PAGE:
I was mildly surprised at how strongly I reacted to a comment by “A friend” made on my “Turn on, tune in, or drop out?” post. If you read my response (in the form of another comment), you’ll note a decided tone of what I like to call irony, but others could reasonably term sarcasm.
Pondering my reaction, here’s how I explain it:
If you say to me, “When it comes to God, I don’t know,” we’re comrades in unknowing. Grab a chair and belly up with me to the clueless bar.
If you say to me, “When it comes to God, I believe…,” we can have an interesting conversation. I probably won’t agree with you, but I enjoy learning about other people beliefs, or lack thereof, in a higher power.
If you say to me, “When it comes to God, I know…,” we are going to have a really interesting conversation. For once you say “know” rather than “believe,” my skeptical radar sets off a Dogma alert! Dogma alert! siren inside my psyche.
I don’t expect reasons for beliefs. They’re your business. Just like sex, whatever turns you on. Go for it. But also just like sex, beliefs need to remain personal if they are to be unquestioned.
As soon as you say, “I believe _____, and you should too,” there’s going to be a stiffening of my argumentative spine. I’m pleased to be given advice by someone who is more knowledgeable about something than I am. However, that something needs to be objectively real, not imaginary.
And beliefs aren’t real, even though lots of religious people seem to think that they are.
Going further, some people actually claim that they know the nature of God or ultimate reality. Now, this requires some serious questioning. A claim like that, why, it’s amazing. I mean, in the entire span of recorded history there hasn’t been a single clearly evident, unquestionable, plain-as-day revelation about God or the divine.
So if you tell me that you know for a fact that God exists, or that God is such and such, or that God is realized in this particular fashion, then I’m going to be super-duper interested in how you’re able to back up that astounding assertion.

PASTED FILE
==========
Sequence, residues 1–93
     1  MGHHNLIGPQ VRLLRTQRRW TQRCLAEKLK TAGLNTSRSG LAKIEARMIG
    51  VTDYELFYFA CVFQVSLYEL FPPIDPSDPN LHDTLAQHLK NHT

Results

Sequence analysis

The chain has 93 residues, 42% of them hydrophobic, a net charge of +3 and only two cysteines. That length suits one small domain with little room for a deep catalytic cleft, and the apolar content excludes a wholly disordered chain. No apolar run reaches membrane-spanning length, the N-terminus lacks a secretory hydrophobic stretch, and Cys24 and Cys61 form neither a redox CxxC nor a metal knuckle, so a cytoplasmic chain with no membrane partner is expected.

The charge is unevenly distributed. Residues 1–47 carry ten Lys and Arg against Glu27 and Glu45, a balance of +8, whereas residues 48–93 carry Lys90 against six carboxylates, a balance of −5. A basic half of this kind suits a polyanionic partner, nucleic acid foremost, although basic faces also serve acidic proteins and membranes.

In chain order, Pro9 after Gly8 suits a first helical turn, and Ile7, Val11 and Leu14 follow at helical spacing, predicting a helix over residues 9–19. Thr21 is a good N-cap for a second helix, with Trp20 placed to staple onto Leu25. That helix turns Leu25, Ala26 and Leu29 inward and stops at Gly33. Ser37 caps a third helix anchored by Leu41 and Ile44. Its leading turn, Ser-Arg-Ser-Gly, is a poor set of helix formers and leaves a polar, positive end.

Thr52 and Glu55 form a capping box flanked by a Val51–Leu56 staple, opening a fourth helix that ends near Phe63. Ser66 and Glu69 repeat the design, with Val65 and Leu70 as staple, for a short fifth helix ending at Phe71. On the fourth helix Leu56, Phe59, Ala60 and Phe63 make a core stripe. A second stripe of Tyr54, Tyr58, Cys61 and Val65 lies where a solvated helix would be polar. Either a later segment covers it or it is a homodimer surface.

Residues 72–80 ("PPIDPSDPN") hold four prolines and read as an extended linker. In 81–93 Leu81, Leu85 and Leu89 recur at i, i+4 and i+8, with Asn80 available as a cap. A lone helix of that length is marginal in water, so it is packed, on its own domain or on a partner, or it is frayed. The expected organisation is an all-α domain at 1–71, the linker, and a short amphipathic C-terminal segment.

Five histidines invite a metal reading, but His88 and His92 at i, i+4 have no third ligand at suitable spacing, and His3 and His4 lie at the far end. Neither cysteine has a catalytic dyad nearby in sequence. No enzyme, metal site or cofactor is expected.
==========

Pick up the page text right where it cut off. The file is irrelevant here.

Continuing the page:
I want you to lay your cards on the table. Face up. All of them. Show me your four aces. And let me know in detail, exactly, precisely, how you were able to come up with that winning hand.
Of course, I know that this won’t be possible. If you’re just bluffing, and don’t really know about God, then you’ll be empty-handed. But even if by some miracle you truly are God’s bosom buddy, you still won’t be able to lay any material proof on the table.
I’m pretty confident about that, because nobody else ever has been able to do so, and I’m willing to bet that this run of “busts” will continue.
So, please, please, please. Pretty please with blind faith crumbs on top. If you write or talk to me and go beyond “I believe…” when speaking about God, bring your best stuff. Show me the money, as the saying goes. The proof.
I’ve shared this quotation before, but it’s worth sharing again. To my mind, classics scholar A.H. Armstrong hits just the right tone.
When claims to possess an exclusive revelation of God or to speak his word are made by human beings (and it is always human beings who make them), they must be examined particularly fiercely and hypercritically for the honor of God, to avoid the blasphemy and sacrilege of deifying a human opinion.
Or, to put it less ferociously, the Hellenic (and, as it seems to me, still proper) answer to “Thus saith the Lord” is “Does he?,” asked in a distinctly skeptical tone, followed by a courteous but drastic “testing to destruction” of the claims and credentials of the person or person making this enormous statement.